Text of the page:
To do this, borrowers should register with the Office of Federal Student Aid by creating an FSA ID. To create an account, click here. If you already have an FSA I.D. make sure your contact information is up to date. To do that, first log into your FSA account and then go to

Step 2: Check to see what kind of federal student loans you have

Historically, one of the most challenging aspects of navigating Public Service Loan Forgiveness is that only one type of federal student loan -- a Direct Loan -- is eligible. During the period of the waiver, borrowers who made payments on other types of federal student loans can have those payments count towards the 120 needed for relief.

But in some cases, these borrowers will have to take action to get those payments counted. That's why it's important to find out which type (or types) of federal student loans you have. Don't worry if you have no idea, it's very common for borrowers not to know.

To figure it out, log in to your account at, go to the My Aid page, or, and go to the Loan Breakdown section, which provides a list of your federal student loans.

Loans that start with the word "Direct" are Direct Loans. If all of your loans are Direct Loans -- including because you previously consolidated other types of loans into the Direct Loan program -- you can skip down to Step 5.

If you have Family Federal Education Loans, which start with "FFEL" in the Loan Breakdown section, or Perkins Loans, which have the word "Perkins" in the name, proceed to step three.

Step 3: Check if your current or previous employment is eligible for PSLF

If you've already had some of your employment certified for PSLF -- that means that before November 2020 you submitted an employment certification form had it approved or after that date you submitted a PSLF form and had your employment approved -- you can skip down to Step 4.

This week's announcement did not expand the categories of employment that are eligible for Public Service Loan Forgiveness. That means only payments made while you're working for the government, a 501(c)(3) organization, or a non profit that provides a designated public service count towards the 120 needed for forgiveness.

If you don't work for the government or a 501(c)(3) and aren't sure if your employer makes you eligible for PSLF and you have FFEL or Perkins Loans you may want to check whether your employer qualifies before you go to step four, which is to consolidate those loans into the Direct Loan program. That's because consolidation can change certain features of your loan, like the interest rate, which may not be beneficial to you if you're not working for an employer that's eligible under PSLF.

To check whether your employer qualifies, go to the PSLF Help Tool. There you can see which employers the Department of Education has already said are eligible for PSLF through a searchable database.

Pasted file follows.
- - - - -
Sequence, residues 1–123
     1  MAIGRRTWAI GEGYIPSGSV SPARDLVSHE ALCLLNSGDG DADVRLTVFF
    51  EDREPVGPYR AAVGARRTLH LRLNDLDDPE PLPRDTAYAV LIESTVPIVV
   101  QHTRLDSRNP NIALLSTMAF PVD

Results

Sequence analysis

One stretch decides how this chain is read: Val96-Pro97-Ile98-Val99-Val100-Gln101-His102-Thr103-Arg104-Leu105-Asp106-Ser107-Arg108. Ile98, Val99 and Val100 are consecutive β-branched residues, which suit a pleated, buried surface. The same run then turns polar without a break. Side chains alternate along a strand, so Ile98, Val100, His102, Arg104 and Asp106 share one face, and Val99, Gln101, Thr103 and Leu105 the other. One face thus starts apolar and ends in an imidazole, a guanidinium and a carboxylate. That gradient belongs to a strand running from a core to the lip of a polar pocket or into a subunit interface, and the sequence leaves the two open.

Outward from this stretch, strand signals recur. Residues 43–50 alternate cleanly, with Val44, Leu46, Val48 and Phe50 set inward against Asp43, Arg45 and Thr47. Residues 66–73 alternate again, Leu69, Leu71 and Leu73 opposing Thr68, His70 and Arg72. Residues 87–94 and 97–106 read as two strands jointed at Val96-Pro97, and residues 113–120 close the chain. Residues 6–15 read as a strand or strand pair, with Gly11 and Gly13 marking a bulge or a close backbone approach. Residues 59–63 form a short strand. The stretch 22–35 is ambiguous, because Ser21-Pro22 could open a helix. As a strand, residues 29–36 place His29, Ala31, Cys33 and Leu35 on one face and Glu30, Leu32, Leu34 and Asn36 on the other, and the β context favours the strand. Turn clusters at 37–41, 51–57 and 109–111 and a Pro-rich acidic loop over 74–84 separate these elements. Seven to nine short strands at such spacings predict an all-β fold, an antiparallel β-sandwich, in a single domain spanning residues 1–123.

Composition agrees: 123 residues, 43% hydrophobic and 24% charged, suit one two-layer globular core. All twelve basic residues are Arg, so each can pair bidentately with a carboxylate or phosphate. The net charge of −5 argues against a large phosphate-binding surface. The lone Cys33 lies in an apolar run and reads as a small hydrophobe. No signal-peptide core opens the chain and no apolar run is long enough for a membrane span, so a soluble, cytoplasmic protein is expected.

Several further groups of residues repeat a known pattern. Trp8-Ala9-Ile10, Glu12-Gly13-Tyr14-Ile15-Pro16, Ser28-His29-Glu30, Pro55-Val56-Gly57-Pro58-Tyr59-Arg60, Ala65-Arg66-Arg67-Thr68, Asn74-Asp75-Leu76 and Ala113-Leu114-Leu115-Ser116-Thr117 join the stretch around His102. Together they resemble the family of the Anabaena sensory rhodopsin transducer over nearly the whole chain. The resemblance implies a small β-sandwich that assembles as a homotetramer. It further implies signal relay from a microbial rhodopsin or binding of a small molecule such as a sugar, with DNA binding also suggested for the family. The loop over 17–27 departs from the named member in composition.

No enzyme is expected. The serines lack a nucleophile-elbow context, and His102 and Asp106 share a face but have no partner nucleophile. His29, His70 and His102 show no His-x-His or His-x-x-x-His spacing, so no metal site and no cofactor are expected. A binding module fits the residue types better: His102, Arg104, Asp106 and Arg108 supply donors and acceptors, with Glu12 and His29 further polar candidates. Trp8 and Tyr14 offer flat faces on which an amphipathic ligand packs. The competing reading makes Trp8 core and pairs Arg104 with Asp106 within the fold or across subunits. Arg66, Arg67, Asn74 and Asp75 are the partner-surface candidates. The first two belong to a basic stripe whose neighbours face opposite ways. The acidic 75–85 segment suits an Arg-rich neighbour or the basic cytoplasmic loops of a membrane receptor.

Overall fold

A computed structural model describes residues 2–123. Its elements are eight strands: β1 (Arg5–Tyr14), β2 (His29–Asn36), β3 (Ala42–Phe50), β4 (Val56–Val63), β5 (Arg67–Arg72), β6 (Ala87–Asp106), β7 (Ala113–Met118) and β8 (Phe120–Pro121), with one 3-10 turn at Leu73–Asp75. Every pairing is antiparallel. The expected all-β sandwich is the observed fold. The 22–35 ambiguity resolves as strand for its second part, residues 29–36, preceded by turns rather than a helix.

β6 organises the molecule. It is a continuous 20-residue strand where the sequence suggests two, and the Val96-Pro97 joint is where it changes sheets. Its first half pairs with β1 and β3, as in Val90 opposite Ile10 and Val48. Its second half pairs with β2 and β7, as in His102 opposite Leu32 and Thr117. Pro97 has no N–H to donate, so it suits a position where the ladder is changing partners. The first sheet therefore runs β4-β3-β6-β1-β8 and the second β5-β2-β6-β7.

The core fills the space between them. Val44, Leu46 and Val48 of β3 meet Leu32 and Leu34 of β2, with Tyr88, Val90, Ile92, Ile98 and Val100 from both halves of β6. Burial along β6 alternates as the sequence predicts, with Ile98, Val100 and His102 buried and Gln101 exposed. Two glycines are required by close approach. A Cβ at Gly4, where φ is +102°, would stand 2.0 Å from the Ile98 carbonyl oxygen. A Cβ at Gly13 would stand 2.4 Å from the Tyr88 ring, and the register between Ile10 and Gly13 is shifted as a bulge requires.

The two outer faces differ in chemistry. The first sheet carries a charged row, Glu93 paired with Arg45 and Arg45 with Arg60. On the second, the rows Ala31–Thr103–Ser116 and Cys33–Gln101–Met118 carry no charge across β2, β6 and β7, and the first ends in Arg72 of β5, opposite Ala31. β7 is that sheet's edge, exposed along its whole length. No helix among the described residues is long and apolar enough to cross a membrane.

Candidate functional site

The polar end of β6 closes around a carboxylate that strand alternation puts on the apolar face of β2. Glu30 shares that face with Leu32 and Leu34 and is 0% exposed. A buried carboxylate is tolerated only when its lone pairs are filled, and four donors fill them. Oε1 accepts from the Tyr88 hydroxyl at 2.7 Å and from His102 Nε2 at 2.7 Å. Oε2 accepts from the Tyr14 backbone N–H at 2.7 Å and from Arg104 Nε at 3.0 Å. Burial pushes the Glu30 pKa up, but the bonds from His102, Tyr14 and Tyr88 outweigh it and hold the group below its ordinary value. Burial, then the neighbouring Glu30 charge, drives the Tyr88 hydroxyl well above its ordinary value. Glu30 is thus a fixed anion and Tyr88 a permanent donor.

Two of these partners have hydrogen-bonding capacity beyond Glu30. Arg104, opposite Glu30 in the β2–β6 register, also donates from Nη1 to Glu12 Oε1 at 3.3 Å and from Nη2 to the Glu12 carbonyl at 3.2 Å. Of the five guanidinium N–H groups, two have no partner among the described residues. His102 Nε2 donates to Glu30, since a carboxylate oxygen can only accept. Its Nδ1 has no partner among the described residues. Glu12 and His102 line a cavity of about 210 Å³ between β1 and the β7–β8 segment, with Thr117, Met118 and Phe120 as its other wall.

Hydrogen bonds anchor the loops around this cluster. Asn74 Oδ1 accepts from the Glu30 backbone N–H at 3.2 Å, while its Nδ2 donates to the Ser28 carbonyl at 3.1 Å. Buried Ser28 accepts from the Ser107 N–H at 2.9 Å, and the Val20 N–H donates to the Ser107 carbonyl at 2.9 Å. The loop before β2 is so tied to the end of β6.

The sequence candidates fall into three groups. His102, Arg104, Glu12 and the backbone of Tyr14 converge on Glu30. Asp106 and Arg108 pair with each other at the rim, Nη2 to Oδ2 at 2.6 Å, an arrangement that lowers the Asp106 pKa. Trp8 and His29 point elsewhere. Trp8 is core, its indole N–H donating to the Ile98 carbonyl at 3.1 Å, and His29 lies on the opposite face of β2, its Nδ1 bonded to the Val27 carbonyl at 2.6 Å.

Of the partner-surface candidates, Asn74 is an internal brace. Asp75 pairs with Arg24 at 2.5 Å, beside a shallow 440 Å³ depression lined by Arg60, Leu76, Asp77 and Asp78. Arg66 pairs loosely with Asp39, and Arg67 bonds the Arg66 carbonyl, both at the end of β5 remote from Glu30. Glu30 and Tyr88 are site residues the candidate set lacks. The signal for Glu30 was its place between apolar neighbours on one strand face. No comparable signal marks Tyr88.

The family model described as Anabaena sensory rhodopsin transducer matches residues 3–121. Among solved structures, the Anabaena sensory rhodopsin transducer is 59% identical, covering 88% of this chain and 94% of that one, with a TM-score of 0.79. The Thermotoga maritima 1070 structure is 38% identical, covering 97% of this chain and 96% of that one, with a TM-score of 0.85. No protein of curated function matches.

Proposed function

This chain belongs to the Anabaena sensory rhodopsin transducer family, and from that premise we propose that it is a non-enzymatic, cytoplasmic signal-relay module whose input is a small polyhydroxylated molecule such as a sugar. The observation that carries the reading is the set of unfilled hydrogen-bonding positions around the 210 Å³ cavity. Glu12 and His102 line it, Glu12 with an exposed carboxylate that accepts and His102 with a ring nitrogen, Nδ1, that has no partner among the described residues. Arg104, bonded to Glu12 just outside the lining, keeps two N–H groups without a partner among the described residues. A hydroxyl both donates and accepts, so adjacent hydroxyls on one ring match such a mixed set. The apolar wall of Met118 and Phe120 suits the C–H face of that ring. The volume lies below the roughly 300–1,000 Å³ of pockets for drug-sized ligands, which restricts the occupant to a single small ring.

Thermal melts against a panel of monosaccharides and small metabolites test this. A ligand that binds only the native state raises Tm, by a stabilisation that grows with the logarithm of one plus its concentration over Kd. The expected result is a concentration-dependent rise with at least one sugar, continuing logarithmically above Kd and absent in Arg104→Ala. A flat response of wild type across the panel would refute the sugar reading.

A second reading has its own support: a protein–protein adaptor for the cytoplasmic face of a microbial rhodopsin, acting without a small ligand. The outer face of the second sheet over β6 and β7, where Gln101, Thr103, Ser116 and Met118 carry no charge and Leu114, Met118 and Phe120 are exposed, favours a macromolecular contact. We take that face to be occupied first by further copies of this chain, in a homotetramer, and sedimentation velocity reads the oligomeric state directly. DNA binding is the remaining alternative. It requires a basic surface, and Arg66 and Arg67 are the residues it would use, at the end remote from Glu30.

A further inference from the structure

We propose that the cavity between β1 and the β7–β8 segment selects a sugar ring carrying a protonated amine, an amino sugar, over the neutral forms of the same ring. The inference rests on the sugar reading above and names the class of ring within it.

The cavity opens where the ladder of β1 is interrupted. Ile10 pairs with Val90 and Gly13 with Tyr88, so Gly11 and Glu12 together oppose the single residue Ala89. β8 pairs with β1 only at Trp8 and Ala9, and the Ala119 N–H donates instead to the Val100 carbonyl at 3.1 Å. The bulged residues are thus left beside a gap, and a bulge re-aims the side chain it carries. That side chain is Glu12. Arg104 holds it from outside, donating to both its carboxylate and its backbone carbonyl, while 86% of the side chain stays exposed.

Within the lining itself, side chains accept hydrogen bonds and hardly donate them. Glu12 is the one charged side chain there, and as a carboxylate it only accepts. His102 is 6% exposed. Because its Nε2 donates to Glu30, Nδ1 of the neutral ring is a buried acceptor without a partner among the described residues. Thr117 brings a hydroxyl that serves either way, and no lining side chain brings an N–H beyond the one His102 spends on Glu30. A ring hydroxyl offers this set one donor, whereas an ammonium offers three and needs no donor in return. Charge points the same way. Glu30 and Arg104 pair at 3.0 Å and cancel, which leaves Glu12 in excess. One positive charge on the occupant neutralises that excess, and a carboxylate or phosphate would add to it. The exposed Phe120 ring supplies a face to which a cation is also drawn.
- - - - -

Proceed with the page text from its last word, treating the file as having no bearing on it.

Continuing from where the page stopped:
If you retired or left the public sector and believe you once worked for a qualifying employer, it's still worth checking if that employment is eligible. During the period covered by the limited waiver, borrowers who previously worked in public service and have since left those jobs can have any payments made while working at the eligible employer counted towards relief.

Step 4: Consolidate FFEL or Perkins Loans into the Direct Loan program before October 31, 2022

In order for payments borrowers made previously on FFEL or Perkins loans to count towards the 120 needed for relief under the limited PSLF waiver, they first need to consolidate those loans into the Direct Loan program.

Borrowers can consolidate their non-Direct Loans at any time and may want to start the process as soon as possible. In order to have previous payments on FFEL or Perkins loans count under the limited waiver borrowers need to consolidate their non-Direct Loans by Oct. 31, 2022.

(If you previously consolidated your non-Direct Loans into the Direct Loan program, any payments you made on the loan before consolidation will count towards the 120 monthly payments required for relief under the waiver).

To consolidate your loans go here. It's free to consolidate your federal student loans and any company claiming to help you with the process for a fee has no affiliation with the Department of Education or its student loan servicers.

You need to fill out the consolidation application in one session and it should take about 30 minutes. When you consolidate your loans you will be able to choose what type of repayment plan you will use to pay down the debt. To ensure your payments on the new Direct Loan count towards Public Service Loan Forgiveness going forward, you should select an income-driven repayment plan.

Step 5: Submit a PSLF form before October 31, 2022

If you only have Direct Loans and you previously certified your employment for PSLF -- that means that before November 2020 you submitted an employment certification form had it approved or after that date you submitted a PSLF form and had your employment approved -- you can skip down to Step 6.